Julie Anna Blinder – continuing lecturer of Mathematics and Concurrent Enrollment Program liaison. Blinder holds a bachelor’s degree from the University of St. Francis and a master’s degree from Chicago State University. She formerly taught mathematics at Ivy Tech Community College in Michigan City.

Marianne Curia – assistant professor of Nursing. She received her bachelor’s degree from Saint Xavier College; a master’s degree from Governors State University and a doctorate from Capella University. She was employed as a staff nurse at the University of Chicago and was an assistant professor of Nursing at University of St. Francis College.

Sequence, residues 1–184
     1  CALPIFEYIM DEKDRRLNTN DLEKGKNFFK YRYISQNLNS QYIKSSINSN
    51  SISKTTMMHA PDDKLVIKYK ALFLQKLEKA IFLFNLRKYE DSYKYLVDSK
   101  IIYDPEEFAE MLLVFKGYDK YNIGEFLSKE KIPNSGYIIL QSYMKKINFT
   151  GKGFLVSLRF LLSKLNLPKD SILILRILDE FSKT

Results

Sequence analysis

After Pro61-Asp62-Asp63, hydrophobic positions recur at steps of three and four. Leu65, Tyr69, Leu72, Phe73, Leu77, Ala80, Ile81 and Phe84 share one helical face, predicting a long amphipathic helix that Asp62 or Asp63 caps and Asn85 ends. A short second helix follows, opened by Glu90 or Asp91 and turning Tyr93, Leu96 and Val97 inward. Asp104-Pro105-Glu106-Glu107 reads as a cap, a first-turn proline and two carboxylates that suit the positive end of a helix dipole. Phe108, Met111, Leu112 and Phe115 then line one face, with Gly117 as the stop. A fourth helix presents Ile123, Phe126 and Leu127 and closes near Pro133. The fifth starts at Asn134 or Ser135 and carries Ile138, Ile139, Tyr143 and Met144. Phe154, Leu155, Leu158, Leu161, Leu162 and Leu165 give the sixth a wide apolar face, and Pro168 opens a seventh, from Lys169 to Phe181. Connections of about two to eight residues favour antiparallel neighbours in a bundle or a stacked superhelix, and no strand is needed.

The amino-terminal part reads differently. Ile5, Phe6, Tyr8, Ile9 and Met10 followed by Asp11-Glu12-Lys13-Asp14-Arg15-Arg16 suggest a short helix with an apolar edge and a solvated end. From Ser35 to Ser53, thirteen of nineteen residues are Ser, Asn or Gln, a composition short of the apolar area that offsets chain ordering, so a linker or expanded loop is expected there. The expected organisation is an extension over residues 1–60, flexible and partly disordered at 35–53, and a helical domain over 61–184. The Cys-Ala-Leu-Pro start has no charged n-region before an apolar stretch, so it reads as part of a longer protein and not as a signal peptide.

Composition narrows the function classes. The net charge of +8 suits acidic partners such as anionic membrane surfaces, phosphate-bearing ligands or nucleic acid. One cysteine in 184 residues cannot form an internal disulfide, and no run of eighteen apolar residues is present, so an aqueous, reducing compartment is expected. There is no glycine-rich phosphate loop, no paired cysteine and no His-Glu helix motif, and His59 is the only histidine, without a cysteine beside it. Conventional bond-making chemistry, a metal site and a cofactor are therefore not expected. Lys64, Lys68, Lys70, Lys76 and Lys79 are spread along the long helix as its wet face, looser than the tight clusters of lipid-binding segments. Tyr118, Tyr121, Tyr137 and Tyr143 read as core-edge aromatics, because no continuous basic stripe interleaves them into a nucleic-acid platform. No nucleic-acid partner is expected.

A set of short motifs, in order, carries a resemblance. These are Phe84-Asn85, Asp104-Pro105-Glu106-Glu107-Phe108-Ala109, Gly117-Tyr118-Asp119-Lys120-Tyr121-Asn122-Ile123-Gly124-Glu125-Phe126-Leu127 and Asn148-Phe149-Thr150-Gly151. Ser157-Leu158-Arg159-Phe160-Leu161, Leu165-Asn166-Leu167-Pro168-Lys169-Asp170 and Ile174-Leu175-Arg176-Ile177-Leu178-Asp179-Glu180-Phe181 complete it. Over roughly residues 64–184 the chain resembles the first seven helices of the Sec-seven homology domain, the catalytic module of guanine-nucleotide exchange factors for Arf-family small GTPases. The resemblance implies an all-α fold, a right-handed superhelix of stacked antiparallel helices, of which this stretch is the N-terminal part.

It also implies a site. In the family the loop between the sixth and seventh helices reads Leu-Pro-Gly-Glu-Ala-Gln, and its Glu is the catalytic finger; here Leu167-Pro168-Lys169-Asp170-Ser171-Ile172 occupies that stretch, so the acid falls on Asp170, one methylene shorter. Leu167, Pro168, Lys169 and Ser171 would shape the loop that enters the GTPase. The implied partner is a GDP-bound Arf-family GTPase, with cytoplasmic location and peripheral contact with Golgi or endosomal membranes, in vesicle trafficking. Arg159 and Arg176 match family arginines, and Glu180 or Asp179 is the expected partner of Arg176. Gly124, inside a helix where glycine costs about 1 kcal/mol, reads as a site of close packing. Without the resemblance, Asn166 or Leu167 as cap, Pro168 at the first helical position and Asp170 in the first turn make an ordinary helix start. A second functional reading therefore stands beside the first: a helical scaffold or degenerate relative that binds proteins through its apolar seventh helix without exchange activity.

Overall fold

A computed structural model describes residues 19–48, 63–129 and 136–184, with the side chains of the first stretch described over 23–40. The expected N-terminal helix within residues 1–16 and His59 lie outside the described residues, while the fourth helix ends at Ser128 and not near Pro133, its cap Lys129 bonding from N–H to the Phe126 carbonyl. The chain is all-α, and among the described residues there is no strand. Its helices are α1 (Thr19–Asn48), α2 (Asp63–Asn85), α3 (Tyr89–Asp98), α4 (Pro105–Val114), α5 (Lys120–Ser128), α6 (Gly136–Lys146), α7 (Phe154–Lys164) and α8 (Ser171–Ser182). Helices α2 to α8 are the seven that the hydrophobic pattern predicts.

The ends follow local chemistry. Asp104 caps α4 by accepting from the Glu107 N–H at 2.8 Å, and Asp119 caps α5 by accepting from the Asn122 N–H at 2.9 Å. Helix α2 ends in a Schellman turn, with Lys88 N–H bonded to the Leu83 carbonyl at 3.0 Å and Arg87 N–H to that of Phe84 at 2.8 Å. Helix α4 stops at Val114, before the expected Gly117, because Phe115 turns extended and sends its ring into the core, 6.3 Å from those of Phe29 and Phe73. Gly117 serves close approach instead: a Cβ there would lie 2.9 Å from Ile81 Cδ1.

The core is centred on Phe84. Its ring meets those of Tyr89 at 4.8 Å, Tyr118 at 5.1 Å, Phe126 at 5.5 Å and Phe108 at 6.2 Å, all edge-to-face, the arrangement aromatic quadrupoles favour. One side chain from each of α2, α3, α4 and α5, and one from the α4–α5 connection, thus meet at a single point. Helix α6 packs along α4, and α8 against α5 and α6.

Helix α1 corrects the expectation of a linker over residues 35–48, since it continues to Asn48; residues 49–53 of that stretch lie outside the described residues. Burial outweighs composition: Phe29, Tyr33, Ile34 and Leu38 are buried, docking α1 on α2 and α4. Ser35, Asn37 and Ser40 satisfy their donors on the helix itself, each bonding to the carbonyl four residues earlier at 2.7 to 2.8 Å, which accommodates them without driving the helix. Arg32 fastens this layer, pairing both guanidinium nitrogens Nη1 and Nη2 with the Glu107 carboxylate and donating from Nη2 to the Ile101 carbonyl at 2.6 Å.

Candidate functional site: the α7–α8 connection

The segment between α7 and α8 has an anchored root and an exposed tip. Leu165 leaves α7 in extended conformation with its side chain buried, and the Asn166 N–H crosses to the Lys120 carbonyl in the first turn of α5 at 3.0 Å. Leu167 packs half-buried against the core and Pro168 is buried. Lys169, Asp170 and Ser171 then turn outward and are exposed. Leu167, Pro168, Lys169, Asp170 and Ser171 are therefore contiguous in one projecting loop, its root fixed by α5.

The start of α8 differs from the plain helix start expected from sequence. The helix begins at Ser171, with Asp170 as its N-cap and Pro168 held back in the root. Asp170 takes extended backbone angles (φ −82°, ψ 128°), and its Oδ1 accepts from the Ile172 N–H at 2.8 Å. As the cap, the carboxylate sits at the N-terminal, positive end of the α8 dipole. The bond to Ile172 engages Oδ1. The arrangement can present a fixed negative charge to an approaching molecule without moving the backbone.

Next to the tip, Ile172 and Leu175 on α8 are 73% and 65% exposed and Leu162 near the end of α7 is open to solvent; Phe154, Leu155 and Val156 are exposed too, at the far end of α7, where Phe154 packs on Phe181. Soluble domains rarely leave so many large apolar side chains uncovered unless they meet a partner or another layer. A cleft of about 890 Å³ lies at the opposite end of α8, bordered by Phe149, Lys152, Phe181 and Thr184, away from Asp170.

Lindsay Gielda – assistant professor of Biology. She earned her bachelor’s degree from the University of Wisconsin-Madison and her doctorate from the University of Michigan-Ann Arbor.  Previously, she was a visiting assistant professor of Biology at PNC.

Karen Hernes – visiting assistant professor of Nursing. She holds bachelor’s degrees from Huntington University and Johns Hopkins University and a master’s degree from Valparaiso University, 2014. She was a clinical nursing instructor at Valparaiso University

Bir Kafle – assistant professor of Mathematics. Kafle was granted a bachelor’s degree at Tribhuvan University-Nepal; a master’s degree at Western Illinois University and doctorate at Louisiana State University. Most recently, Kafle was a visiting assistant professor of Mathematics at PNC.